In 1954, a Council of Ministers order
founded the Petőfi Literary Museum with the aim of collecting and preserving
records of Hungarian literature. The name of the Museum presented itself
naturally, since the poesy of Sándor Petőfi, who died young in the 1848–49 War
of Independence, symbolises Hungarian poetry to the general reader both within
and beyond the borders of the country. With the establishment of the new,
national institution, an important consideration was that the Museum should –
as the legal successor of the Petőfi House, protector of the Petőfi legacy –
continue and, at the same time, operate on a new basis.
Functioning as an exhibition and research centre from
1909 until 1945, Petőfi House was established partly with the intention of
fostering the Petőfi cult, and partly as a consequence of the realisation that
the authorial documents were not of collection interest to contemporary
libraries, museums and archives at the end of the 19th century. The
preservation launched by the Petőfi Society extended not only to the collection
of Petőfi manuscripts, books and relics available at the time, but also to the
purchasing of the Bajza Street house of Petőfi’s fellow-writer, the extremely
popular novelist, Mór Jókai. Jókai had lived there with his son-in-law, Árpád
Feszty – thus the house also became the guardian and preserver of the Jókai
records and cult. In 1945 the Petőfi House suffered bombardment, after which
the Budapest History Museum was charged with the management of the collection.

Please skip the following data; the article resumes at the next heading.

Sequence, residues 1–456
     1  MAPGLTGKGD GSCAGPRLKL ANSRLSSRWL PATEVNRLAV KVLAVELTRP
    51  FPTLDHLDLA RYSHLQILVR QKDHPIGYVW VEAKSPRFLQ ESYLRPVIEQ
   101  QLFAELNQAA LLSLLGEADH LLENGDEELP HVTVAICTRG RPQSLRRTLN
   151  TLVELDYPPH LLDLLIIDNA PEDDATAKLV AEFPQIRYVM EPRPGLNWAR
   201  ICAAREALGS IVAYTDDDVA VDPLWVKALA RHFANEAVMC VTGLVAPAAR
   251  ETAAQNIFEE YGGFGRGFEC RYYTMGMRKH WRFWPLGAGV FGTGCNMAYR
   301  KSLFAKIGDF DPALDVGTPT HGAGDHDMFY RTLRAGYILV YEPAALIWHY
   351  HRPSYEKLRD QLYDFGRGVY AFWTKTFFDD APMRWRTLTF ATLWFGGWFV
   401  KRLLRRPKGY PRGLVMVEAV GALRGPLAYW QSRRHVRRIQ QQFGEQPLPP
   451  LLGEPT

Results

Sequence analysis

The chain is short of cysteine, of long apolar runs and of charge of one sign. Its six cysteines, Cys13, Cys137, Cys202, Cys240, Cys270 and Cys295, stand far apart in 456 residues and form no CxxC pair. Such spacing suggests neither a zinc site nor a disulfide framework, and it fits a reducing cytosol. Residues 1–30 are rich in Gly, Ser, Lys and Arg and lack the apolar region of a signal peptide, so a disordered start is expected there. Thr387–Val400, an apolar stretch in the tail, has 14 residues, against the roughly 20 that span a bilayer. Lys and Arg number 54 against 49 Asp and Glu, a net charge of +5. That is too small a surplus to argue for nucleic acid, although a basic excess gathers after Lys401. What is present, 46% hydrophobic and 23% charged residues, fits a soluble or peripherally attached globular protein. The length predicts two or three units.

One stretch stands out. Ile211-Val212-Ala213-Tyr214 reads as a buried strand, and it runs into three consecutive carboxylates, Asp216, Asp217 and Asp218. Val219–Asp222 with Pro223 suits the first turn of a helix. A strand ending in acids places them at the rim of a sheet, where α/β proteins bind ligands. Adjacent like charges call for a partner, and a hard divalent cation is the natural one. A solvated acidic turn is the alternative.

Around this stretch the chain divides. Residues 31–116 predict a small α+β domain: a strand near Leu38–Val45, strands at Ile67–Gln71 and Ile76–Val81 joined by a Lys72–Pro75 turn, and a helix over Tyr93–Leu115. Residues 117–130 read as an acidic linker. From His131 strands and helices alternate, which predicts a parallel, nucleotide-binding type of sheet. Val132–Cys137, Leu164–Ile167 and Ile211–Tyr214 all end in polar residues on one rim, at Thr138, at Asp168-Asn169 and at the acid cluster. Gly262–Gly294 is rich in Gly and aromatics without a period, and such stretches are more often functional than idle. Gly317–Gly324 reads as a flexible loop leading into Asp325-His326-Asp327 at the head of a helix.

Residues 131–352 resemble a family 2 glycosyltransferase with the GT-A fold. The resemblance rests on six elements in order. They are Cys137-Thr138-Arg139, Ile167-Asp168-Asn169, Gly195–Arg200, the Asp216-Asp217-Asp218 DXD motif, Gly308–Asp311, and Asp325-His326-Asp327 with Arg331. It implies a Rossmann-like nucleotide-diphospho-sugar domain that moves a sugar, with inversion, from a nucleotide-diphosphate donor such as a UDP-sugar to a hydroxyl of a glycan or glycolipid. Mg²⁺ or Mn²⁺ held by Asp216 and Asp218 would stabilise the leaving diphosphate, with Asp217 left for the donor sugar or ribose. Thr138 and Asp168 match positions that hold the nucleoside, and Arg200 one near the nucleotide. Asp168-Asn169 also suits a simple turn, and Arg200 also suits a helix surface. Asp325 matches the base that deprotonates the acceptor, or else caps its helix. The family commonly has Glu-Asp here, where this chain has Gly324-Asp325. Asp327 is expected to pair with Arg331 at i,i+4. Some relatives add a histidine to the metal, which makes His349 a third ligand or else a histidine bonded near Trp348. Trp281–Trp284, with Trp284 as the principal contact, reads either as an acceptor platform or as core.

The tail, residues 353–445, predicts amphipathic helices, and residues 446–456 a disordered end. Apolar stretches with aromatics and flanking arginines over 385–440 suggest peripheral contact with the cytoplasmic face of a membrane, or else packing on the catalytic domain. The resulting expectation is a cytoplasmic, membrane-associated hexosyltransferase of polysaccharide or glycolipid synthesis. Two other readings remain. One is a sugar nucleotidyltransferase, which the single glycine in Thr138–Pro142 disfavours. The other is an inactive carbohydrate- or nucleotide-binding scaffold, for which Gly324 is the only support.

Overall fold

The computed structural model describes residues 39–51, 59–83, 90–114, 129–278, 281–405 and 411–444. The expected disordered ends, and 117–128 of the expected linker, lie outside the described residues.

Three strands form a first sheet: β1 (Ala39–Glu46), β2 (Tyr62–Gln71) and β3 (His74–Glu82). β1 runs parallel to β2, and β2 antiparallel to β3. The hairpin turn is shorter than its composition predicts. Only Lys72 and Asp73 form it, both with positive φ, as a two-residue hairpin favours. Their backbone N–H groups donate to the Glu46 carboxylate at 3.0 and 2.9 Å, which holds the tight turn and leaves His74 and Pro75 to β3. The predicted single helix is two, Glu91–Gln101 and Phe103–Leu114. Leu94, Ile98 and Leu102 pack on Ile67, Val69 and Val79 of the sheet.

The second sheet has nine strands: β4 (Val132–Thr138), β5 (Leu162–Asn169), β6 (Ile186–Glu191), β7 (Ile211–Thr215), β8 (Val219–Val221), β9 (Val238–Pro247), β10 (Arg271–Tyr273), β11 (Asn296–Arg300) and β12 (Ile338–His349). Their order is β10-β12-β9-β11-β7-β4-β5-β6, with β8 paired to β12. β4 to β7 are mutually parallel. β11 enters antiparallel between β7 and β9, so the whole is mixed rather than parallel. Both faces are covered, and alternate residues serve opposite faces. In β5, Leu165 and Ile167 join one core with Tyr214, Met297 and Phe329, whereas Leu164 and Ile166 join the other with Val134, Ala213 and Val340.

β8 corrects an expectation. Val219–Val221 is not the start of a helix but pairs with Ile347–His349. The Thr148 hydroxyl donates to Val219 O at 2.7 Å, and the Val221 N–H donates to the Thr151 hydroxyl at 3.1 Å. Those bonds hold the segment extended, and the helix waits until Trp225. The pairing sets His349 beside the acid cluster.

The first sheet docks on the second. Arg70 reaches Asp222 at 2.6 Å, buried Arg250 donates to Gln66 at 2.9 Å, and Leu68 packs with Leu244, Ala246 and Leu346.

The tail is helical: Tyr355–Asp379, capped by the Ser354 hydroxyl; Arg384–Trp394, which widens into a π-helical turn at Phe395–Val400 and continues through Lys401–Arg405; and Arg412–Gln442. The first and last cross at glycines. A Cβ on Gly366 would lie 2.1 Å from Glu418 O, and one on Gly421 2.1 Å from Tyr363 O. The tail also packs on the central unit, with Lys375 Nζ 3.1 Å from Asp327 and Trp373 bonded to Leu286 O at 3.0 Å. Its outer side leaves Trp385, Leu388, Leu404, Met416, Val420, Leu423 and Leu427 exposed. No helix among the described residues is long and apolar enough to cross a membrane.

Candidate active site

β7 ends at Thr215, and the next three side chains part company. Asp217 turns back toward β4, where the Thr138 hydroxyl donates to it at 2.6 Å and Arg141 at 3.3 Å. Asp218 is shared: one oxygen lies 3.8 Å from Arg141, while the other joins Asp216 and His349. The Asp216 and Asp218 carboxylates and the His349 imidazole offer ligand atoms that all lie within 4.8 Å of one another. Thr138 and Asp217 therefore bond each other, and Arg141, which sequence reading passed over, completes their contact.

From the beginning of the 1950s onwards, in addition to Petőfi and Jókai, the
Petőfi House also collected the documents of two outstanding figures of
20th-century Hungarian poetry: Attila József and Endre Ady. This resulted in
the Petőfi House outgrowing its own limits and presented the need for the
establishment of an independent literary museum.
The task of the new, national museum was not only to process and preserve the
inherited collections under modern conditions, but also to collect materials of
museum value from contemporary Hungarian literature. Acquisition is generally
characterised by conscious, scholarly-founded, ideology-free expansion. Even
today we work hard so that the writers’ and poets’ legacies, correspondence,
libraries, sound and video recordings, photographs, furniture, personal
belongings, etc., the documents of the editorial offices of literary
periodicals and literary-type publishing houses – that is, the representatives
of Hungarian literature both within and beyond the borders – should become part
of our collection.
The present structure of the institution, specialised in the reception of
complex authorial, literary legacies, professional processing, restoration and
storage took shape in 1970. Besides the collection departments – the Manuscript
Archive, the Library, the Art and Relics Collection and the Audiovisual Library
– the newly created Public Relations Department and the Marketing Department
organise the Museum’s programmes.
The Museum’s tasks have included the supervision of literary collections and
exhibitions in areas outside Budapest ever since the institution was
established. As a result, the Museum of Literature Petőfi has become an
institution with nationwide authority in the field of Hungarian literary
museology; it offers help with the organisation of exhibitions in memorial
houses and memorial rooms in areas outside Budapest, and also remains in touch
with memorial places abroad.
Since its establishment, the Museum of Literature has organised almost 500
exhibitions and issued more than 300 scholarly and popularising publications
and exhibition catalogues. We hope that our work over the past fifty years has
earned us a position in scientific life. We make use of the intellectual value
of our collections, catalogues and databanks in critical editions, philological
and textological research. Our museologists participate in university education
as lecturers, and our volumes of essays and studies appear in the technical
literature of cult research and literary museology.